Saving the middle class has become a battle cry in the 2012 presidential campaign — and it’s no wonder. According to a recent Pew Research Center study, the percentage of Americans considered middle class has dwindled to 51 percent from 61 percent in 1971. But the Pew report does not explain the political and economic forces behind this decline. That’s a task Hedrick Smith sets for himself in his new book, “Who Stole the American Dream?”

Long before most reporters and social scientists took note, Smith had established himself as television journalism’s foremost expert on the forces eroding the ranks of the middle class. In a series of penetrating “Frontline” documentaries over more than a decade, he chronicled the rise of a new buccaneer brand of global capitalism that relentlessly undermined the middle-class dream of “a steady job with decent pay and health benefits, rising living standards, a home of your own, secure retirement, and the hope that your children would enjoy a better future.” Now in a sober, self-described reporter’s book, Smith deepens his analysis using the latest data.

The American dream’s demise, Smith says, began with a corporate rebellion against President Richard Nixon’s aggressive business regulations. That blowback ended a long postwar era of shared prosperity and power based on relatively stable relationships between business, government and labor. Alarmed corporate chiefs raised an army of lobbyists who helped pave the way for new federal legislation and regulations that benefited American businesses operating in an increasingly globalized marketplace. Corporate domination of U.S. politics, Smith writes, set off an era of economic dislocation and political polarization.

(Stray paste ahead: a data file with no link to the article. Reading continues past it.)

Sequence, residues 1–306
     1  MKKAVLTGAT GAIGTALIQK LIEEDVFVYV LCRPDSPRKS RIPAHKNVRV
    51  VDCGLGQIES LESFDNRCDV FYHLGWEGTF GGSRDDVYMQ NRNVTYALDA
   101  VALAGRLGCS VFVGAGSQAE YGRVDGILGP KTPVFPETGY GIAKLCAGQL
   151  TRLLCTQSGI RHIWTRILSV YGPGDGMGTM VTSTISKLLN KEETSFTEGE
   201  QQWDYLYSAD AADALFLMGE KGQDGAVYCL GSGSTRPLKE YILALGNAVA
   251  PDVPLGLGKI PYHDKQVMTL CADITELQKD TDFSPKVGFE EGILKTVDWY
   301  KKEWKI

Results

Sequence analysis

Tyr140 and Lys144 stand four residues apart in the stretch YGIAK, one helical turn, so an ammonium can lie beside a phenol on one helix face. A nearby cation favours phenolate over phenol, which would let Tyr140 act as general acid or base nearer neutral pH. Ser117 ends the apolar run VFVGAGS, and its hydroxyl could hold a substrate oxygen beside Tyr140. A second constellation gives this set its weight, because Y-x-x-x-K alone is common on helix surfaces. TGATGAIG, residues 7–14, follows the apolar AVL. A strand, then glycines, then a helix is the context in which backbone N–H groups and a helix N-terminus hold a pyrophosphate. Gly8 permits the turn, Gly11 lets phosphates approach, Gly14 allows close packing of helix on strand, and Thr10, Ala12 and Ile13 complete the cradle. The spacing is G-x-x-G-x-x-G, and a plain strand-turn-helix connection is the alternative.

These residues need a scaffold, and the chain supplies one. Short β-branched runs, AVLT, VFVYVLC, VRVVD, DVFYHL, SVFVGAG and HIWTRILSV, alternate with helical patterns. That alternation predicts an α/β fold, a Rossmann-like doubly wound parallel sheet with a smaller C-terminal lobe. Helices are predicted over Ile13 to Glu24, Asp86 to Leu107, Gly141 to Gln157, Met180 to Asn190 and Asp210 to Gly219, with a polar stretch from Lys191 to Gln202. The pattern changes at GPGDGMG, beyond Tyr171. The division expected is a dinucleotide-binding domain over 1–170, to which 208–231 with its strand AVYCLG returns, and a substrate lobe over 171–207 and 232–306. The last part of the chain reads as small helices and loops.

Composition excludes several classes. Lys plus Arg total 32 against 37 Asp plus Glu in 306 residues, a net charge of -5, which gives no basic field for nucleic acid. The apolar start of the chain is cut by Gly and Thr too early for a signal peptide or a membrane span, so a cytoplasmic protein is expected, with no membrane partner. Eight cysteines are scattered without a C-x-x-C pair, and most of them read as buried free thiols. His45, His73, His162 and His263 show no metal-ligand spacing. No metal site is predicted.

In Smith’s telling, America’s corporate plutocracy has largely abandoned even the pretense of stewardship, loyalty or patriotism. It has imported cheap foreign workers to replace millions of Americans in an increasingly wide range of occupations: from agricultural and construction labor to high-tech and banking professionals. Corporate chieftains also moved offshore many of the nation’s once-unionized, blue-collar jobs and low-level white-collar jobs, such as working in call centers. (Smith cites Thomas Jefferson’s prescient warning: “Merchants have no country.”)

Smith views 1978 as a pivotal year. First, Congress revised bankruptcy laws to allow troubled corporations to restructure rapidly by abrogating union contracts and other employee agreements. Second, lawmakers enacted a little-noticed tax-code provision designed to let workers supplement existing pension plans with individual retirement accounts. Corporations unexpectedly seized upon the new plans as an excuse to eliminate expensive, professionally administered, lifetime pensions. The result: Employees’ share of retirement costs went from 11 percent in the 1950s to 51 percent by the mid-2000s; insufficient or badly managed retirement investing by individual workers has given rise to predictions that perhaps half of aging boomers may end their lives in poverty. (Employers also took a parallel path in health insurance, shifting costs to employees via higher premiums and deductions.)

’Who Stole the American Dream?’ by Hedrick Smith (Random House)